HANCOCK COUNTY — The shopping list includes 7½ to 8 dozen eggs.

They’re made into various egg casseroles: one with ham and cheese, one with sausage, one with Southwestern flavor and one with sausage, ham, mushroom and green pepper. Some eggs, instead of starring in the dish, become part of a French toast casserole.

Lee Guthrie will see that the casseroles are assembled tonight and popped into the oven Sunday morning at McCordsville United Methodist Church. He leads a team of men who cook for Easter breakfast at the church. Women of the church supplement their efforts with handmade breads or Danish rolls.

They’re among the cooks at countless churches who make Easter breakfast on a congregational scale as many Christians rise early Sunday to celebrate Jesus’ resurrection with songs, sermons and often food.

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Carolyn Swinford buys some corn flakes for the hash brown casserole she takes to a pitch-in breakfast at Otterbein United Methodist Church. The spread there typically includes egg casseroles, coffee cake, and a slow cooker filled with gravy and accompanied by biscuits.

Swinford said she doesn’t consider herself a stellar cook, but the casserole is easy to make, seems to consistently turn out well and often has been polished off by the end of breakfast and the socializing that accompanies it.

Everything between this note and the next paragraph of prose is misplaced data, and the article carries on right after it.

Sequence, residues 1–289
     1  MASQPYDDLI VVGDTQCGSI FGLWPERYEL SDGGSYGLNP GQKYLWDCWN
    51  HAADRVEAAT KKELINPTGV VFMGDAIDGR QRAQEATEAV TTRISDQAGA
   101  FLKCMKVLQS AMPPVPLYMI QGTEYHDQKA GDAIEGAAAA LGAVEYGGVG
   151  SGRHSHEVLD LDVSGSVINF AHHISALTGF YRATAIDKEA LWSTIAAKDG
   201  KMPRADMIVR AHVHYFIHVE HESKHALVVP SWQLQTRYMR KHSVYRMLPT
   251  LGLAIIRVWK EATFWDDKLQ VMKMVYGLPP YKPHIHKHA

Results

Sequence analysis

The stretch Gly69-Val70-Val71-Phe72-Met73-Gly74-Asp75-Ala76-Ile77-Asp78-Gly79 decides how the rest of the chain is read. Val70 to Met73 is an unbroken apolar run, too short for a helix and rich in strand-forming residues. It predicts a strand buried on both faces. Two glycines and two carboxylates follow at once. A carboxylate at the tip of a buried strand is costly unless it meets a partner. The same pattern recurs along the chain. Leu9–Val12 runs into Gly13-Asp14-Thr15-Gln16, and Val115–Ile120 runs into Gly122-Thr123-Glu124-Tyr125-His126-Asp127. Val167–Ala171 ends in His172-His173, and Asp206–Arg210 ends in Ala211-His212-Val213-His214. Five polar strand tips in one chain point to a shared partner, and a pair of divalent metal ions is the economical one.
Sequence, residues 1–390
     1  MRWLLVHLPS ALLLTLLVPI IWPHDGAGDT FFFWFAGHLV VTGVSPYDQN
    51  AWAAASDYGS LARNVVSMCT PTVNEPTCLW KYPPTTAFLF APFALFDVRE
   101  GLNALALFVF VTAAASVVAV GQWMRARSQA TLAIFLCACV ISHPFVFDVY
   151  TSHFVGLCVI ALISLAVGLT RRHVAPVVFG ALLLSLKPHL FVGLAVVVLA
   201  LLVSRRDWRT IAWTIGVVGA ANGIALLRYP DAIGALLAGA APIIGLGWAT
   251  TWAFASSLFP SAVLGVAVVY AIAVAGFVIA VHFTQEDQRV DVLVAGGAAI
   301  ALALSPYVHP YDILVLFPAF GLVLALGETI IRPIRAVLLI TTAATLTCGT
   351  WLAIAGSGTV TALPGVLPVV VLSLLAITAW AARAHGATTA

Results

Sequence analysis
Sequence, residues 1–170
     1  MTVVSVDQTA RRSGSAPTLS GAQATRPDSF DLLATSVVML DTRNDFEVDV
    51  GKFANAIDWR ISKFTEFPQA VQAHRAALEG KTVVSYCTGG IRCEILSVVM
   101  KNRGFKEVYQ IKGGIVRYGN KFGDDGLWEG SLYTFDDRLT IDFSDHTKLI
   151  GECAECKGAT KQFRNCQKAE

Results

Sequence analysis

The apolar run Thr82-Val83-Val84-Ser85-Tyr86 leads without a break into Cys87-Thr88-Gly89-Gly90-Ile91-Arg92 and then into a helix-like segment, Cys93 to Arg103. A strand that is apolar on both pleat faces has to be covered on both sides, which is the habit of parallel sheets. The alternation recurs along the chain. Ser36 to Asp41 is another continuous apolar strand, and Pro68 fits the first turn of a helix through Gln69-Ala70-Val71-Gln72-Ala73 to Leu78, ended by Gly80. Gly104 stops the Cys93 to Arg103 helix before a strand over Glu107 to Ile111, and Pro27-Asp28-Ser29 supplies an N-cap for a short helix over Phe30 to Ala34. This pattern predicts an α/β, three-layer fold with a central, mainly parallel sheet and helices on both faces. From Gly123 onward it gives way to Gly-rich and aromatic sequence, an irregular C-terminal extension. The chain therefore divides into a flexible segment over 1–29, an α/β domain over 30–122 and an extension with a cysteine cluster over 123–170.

“It’s just a nice time to sit around and catch up … to visit with the people in the congregation,” Swinford said.

With childhood memories of a country church and a big Easter breakfast, Paul Bravard is pleased to see the congregation at Westland Friends Church come together in that way on Easter morning — so pleased that the pastor makes custom omelets for his parishioners.

They choose from green peppers, mushrooms, onions, cheese, ham, sausage and bacon. They fill a bowl with their choices and hand it to Bravard at his station. With his college-age son beating eggs, Bravard’s omelet process is streamlined to about 1 minute, 45 seconds.

With the sermon written and other preparations for the service already made, he finds the breakfast a relaxed time.

“Easter’s a great time for celebration and fellowship, and of course the best way to do it is over a nice meal,” Bravard said. “It’s a blessing to be there. Now it’s just a time to relax and have fellowship and enjoy it.”

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Anne Smith is a reporter at the Greenfield Daily Reporter. She can be reached at annesmith@greenfieldreporter.com